If you saw my previous post, “What Should I Read on New Testament Textual Criticism?”, you know what to expect here. This time the subject is discourse analysis (DA) and particularly for its use in NT exegesis. These are my categorized recommendations according to the path I’ve taken in my own study. Know that there is a lot of stuff out there. And there are surely many, many wonderful resources I’ve omitted. But this is what I’ve read and found helpful so far.
Maybe I should have chosen a better title for this post since my first recommendation requires a listen. This is a Tool Talk podcast from 2018 and a nice point of entry. Todd Scacewater says, “Discourse analysis is the examination of language above the level of the sentence.” And why should we care? Todd says,
The Bible is written in language and discourse analysis is one of the best [linguistic] tools that we have…to understand language better. Discourse analysis can help us better understand the Bible because it’s written in language.
Give it a listen!
Constantine Campbell’s survey of the discipline is my recommended read that offers a thorough and accessible introduction.
Steve Runge’s practical guide equips the reader to identify and understand a slew of discourse features in the Greek New Testament. With simple explanations and plenty of examples, this one is highly recommended.
Stephen Levinsohn also brings out some specific discourse features in a book brimming with examples.
Benjamin Merkle succinctly introduces the reader to discourse analysis in three and a half pages.
Douglas Mangum and Josh Westbury’s edited volume includes two short sections surveying discourse analysis, both authored by Jeremy Thompson and Wendy Widder.
This is an edited volume from Black, Barnwell, and Levinsohn that includes chapters on both general methodology and specific applications to NT texts.
Cotterell and Turner wrote two solid chapters on DA in which they define and illustrate key concepts.
In what is a really fun read, Robert Dooley and Stephen Levinshohn offer a useful guide to their grab-bag approach to discourse analysis. Bonus points for drawing illustrative material from Graham Greene and Albert Camus.
David Mathewson and Elodie Ballantine Emig, in their recent intermediate Greek grammar, include an entire chapter on DA.
Kostenberger, Merkle, and Plummer also introduce discourse analysis in their intermediate Greek grammar by briefly discussing discourse boundaries, prominence, and cohesion.
Neal Windham included a chapter on DA in this handy introduction to putting your Greek to work in NT exegesis.
Gillian Brown and George Yule’s book is a standard work on discourse analysis in general. It is technical and covers many important concepts in depth.
I’ve only started this one, but I’ve used several of the commentaries from SIL that apply the Semantic and Structural Analysis (SSA) of identifying a text’s components and the relationships these components bear to one another.
You can read my review of Heinrich von Siebenthal’s grammar here. There I noted:
After examining sentences, the organization and structure of the text is the next logical step. It’s nice to see a grammar include discourse grammar as one of its parts and devote some genuine attention to the topic. For the actual work of analyzing discourse, the author’s methodology of choice is Semantic and Structural Analysis (SSA). This approach is “aimed not only at considering individual propositions and their relations to their immediate neighbours, but also highlighting the way in which they relate to the overall content communicated by the text” (629).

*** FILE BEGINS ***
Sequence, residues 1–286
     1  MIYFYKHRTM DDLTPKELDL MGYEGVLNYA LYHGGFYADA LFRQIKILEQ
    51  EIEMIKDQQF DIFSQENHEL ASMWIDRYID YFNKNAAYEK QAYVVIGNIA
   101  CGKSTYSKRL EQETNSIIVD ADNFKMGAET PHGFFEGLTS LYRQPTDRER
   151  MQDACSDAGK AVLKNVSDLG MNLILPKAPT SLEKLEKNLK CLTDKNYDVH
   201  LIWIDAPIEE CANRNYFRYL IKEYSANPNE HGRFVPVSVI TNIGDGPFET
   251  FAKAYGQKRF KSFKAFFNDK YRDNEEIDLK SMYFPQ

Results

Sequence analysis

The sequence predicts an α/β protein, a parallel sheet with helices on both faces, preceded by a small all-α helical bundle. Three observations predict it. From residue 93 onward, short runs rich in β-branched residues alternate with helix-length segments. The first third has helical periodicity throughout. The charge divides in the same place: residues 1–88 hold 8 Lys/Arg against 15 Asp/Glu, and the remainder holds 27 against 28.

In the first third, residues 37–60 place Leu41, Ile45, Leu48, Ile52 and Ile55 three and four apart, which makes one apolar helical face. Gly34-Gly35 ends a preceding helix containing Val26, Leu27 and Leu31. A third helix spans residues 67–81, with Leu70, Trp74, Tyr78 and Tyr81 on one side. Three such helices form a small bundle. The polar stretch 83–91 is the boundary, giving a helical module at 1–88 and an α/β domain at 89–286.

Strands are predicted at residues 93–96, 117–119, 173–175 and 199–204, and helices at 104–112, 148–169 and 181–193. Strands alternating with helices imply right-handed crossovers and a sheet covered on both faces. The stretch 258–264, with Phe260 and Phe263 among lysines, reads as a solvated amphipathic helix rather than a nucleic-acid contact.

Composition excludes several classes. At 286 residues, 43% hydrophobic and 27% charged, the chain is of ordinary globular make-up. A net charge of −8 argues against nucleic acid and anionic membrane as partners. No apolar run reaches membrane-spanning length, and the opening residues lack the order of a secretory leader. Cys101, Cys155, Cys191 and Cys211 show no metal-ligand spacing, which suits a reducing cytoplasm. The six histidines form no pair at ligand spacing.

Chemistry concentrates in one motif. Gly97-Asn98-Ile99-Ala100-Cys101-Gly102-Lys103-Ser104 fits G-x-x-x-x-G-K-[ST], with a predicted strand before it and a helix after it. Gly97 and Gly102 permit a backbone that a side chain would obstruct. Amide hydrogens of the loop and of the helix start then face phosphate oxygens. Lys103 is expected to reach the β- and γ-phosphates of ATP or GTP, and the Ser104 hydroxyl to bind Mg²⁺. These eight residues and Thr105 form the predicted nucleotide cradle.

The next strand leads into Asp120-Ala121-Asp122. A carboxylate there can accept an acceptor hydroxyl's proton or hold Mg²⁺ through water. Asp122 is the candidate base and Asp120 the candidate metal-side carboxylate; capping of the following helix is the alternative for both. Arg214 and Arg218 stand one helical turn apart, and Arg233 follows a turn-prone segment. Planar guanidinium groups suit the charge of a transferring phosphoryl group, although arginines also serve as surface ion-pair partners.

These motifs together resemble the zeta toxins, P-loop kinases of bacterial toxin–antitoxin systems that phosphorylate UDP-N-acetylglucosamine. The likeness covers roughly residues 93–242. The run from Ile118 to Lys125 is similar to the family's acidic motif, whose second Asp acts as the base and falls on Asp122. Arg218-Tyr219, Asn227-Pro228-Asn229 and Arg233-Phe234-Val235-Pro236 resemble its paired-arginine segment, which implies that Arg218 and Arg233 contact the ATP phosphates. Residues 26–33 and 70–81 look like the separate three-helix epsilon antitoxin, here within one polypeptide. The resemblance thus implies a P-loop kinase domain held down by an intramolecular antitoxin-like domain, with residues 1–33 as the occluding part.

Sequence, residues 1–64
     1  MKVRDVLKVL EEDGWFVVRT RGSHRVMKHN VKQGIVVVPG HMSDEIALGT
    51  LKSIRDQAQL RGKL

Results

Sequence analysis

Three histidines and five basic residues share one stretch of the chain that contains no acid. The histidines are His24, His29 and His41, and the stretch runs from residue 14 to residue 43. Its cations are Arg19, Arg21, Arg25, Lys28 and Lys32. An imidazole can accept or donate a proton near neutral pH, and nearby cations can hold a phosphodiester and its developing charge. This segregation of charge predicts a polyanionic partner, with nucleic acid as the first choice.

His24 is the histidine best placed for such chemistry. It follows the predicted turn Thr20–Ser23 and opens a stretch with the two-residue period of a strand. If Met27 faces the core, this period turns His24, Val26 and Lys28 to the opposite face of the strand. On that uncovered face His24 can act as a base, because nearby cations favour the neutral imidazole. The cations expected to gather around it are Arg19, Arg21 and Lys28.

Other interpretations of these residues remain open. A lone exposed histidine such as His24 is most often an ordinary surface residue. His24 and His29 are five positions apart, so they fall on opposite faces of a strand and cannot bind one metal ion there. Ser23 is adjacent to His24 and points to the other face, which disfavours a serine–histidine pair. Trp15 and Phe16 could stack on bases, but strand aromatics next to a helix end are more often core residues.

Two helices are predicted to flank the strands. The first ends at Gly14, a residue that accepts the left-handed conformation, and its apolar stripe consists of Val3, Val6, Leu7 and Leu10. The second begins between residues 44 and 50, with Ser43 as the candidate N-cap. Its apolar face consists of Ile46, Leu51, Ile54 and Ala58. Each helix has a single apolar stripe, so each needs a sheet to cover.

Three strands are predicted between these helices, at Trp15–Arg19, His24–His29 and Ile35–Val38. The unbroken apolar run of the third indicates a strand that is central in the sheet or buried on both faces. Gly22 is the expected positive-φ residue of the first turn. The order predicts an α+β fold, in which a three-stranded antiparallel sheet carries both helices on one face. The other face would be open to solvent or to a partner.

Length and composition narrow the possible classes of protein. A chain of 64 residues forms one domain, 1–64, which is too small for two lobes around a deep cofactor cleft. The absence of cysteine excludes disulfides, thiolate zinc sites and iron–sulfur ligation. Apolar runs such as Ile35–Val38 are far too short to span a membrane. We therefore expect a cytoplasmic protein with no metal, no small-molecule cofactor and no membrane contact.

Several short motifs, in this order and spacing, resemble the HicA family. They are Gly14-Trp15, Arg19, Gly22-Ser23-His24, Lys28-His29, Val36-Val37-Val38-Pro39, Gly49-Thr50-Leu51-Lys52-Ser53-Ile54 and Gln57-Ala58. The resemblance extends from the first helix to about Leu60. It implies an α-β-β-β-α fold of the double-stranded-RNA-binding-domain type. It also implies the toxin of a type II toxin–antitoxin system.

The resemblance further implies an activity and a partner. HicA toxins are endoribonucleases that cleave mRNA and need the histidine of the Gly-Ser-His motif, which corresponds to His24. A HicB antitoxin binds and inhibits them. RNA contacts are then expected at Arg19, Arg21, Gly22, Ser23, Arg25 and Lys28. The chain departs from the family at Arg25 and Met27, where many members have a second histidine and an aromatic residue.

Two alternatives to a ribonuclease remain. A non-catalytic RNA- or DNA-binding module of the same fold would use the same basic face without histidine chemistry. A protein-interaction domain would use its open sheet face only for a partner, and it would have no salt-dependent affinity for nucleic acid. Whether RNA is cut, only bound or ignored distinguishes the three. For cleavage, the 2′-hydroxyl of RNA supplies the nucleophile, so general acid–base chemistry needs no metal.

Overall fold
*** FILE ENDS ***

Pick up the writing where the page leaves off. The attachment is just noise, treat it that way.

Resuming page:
This edited volume from Wolfgang Dressler from 1978 is “current” no more, but it does contain some interesting chapters worth reading. Ridiculously expensive new, but you can probably find an affordable used copy.
I almost overlooked including this one until a friend on Twitter (Thanks Vincent!) reminded me that this edited volume from Steve Runge and Chris Fresch does, in fact, speak to discourse considerations. There’s even a chapter by Steve Runge entitled “Discourse Function of the Greek Perfect.”
Applications of Discourse Analysis
Want to see DA in action? Will Varner’s commentary applies discourse analysis across the entire book of James.
High Definition Commentaries
Steve Runge has written several “High Definition” commentaries in which he puts his DA methodology into action in whole books of the NT. He’s done James, Romans, Philippians, and Galatians. You can read my review of his commentary on Galatians here.
Steve Runge combed the entire text of the Greek New Testament tagging every discourse featured discussed in his Discourse Grammar along the way. Impressive! This is a dataset for use in Logos Bible Software.
I haven’t read this one (yet!) from Todd Scacewater, but I felt like not including it would be a glaring oversight. A lineup of contributors tackle every writing in the NT. It’s about time someone took this on!
DA is a hot topic. And, while it has its proponents and naysayers, I appreciate its focus and contribution to understanding the structure of a text. These resources demonstrate how there are many ways to go about doing this. If you’re just wading into the field, some of these suggested resources will help you to get started. Let me know what books, articles, podcasts, etc. you’ve found helpful that I’ve left out.
Image Credit: Brent Niedergall